The history of ostracism can be traced to Athenian democracy. The word ostracism comes from the Greek ostraka (from ὄστρακον), or potsherds. Pieces of broken pottery served as scraps (like paper) on which to vote. Every year Athenians had the chance to cast someone out of society for up to ten years. But instead of finding fault with someone and thus casting the penalty on them, citizens were first asked; Do you wish to find someone guilty? This didn’t mean that someone needed to be found guilty of actually doing something that fell outside of the realm of normal social conventions; but simply the person was found unacceptable in the moment—often given his or her political leaning.[i] If the winning vote was yes (and I’m guessing a lot of people who bothered to vote were up for a good banning), then the next round of voting was to decide who to ban. Whom do you wish to accuse?
Within communities ostracism today serves to regulate social norms and behaviors. Ostracism excludes by general consent from common privileges or social acceptance.[ii] Within Mormonism formal ostracism takes place in the form of disfellowshipping and excommunication. This means by common consent of the religious community (via chosen leaders) persons who have broken religious norms are excluded from common privileges such as taking the sacrament or entering the temple. However for Mormons this cannot mean the person being formally ostracized (or the person not being ostracized) is shunned; deliberately and especially habitually avoided—but the opposite action is taken.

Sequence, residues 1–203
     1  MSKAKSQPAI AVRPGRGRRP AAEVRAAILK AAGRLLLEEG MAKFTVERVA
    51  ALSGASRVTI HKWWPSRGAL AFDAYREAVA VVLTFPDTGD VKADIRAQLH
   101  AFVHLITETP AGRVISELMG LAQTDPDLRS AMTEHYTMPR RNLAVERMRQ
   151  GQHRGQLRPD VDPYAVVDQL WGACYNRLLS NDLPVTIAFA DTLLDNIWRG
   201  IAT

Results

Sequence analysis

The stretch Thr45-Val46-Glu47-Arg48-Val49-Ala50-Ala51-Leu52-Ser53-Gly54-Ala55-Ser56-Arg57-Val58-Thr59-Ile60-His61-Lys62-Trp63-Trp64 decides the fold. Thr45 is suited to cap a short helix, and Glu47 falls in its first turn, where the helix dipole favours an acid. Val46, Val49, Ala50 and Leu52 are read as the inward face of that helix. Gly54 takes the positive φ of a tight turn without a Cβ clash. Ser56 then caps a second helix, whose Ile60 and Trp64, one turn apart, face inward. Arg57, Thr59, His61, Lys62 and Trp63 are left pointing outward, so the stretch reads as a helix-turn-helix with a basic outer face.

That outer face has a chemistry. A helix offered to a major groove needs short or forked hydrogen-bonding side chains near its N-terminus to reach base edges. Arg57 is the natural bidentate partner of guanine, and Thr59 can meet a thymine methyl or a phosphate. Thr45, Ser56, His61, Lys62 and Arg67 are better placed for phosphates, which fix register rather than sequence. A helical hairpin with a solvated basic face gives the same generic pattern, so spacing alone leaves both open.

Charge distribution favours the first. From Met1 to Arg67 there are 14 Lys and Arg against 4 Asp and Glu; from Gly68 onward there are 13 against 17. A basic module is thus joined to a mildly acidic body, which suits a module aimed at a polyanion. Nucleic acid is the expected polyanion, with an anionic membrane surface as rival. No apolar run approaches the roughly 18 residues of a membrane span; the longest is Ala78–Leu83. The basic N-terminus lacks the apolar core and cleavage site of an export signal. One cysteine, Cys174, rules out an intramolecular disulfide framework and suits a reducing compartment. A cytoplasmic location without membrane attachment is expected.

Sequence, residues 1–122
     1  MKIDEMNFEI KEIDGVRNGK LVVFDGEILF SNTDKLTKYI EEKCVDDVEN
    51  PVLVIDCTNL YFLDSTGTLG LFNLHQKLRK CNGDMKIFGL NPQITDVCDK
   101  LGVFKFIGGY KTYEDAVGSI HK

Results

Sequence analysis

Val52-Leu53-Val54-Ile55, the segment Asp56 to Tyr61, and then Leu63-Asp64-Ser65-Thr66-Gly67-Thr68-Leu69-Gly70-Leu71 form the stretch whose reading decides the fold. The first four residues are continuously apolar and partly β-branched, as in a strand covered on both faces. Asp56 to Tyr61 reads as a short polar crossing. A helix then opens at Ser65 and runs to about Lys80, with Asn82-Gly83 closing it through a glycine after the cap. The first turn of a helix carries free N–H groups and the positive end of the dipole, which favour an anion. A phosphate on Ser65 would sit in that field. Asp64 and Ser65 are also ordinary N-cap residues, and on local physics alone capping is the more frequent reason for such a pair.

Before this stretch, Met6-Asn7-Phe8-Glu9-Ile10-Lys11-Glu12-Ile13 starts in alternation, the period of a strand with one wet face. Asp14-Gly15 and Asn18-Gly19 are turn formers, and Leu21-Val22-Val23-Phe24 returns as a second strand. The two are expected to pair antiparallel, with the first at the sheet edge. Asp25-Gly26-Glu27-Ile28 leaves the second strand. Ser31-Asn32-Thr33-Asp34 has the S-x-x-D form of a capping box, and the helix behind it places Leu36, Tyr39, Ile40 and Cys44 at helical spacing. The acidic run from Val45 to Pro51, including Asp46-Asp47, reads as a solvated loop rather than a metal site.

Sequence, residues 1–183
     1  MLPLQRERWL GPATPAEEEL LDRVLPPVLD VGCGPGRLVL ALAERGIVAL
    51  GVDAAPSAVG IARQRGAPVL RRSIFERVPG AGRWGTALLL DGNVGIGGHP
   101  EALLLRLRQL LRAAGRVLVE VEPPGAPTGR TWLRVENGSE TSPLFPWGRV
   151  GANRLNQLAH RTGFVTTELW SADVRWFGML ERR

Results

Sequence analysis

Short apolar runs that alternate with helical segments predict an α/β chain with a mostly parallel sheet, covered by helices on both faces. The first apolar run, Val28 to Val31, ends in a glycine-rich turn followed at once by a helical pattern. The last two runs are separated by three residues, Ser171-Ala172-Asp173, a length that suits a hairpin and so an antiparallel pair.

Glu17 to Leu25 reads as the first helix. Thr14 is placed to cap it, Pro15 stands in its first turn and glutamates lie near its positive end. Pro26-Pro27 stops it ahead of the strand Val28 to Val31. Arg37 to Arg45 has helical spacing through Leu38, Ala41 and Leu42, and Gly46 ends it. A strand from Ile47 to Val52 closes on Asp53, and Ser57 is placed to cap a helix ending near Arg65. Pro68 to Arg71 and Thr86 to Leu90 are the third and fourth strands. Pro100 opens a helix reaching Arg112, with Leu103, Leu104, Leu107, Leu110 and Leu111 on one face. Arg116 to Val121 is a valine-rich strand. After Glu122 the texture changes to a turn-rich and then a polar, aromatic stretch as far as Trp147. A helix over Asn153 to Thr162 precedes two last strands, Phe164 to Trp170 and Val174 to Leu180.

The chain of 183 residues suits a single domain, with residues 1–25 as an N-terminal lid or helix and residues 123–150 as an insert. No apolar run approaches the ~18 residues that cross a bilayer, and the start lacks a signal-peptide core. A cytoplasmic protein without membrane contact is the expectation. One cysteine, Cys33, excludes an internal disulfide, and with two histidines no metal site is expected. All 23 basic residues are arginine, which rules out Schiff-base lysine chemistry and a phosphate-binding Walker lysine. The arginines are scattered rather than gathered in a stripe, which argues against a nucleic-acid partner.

It’s too easy to pat ourselves on the back, assured we don’t live in Nathaniel Hawthorne’s Boston and that there aren’t modern day Hester Prynnes within our own religious community, while still allowing ourselves an internal yes vote to the question, “Do you wish to find someone guilty? We drool the names from our tongues; the drug addict, the alcoholic, the gossip, the gay, the thief, the unpleasant obnoxious mumbling idiot, the adulterer, the divorcee, that guy sent home from his mission, that girl that always dresses like that, that family with the badly behaved children, the incessant boaster, the person with the strong body odor. We beg for the next question, Whom do you wish to accuse? Once you get to vote on the first question, the possibilities are endless personal prerogatives.
In the early Relief Society of Nauvoo, sisters voted new sisters in. Upon seeing the unkindness toward a Sister Overton, Joseph Smith stood and said he was “going to preach mercy.”
It grieves me that there is no fuller fellowship— if one member suffer all feel it— by union of feeling we obtain pow’r with God. Christ said he came to call sinners to repentance and save them. Christ was condemned’d by the righteous Jews because he took sinners into his society…